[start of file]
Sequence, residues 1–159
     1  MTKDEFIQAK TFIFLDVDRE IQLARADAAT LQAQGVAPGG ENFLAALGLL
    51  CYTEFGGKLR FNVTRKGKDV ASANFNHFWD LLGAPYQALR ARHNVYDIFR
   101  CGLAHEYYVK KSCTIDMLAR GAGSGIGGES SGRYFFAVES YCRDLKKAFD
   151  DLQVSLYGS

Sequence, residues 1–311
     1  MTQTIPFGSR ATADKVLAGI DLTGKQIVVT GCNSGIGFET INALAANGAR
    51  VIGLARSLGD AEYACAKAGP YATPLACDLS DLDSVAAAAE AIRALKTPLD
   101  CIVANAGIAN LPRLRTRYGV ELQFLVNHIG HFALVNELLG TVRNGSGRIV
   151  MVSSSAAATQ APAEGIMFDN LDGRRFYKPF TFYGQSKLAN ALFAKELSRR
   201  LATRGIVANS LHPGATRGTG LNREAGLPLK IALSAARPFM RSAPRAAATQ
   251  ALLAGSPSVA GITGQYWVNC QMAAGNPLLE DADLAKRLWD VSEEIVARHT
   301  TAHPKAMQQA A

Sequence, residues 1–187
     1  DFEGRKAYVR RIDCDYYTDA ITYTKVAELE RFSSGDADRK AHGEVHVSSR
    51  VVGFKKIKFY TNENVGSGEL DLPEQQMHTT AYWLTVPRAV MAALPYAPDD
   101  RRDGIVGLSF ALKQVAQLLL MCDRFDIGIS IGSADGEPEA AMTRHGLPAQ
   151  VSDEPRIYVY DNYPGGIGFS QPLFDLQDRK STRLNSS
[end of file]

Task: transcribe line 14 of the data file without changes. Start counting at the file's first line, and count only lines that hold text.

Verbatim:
Sequence, residues 1–187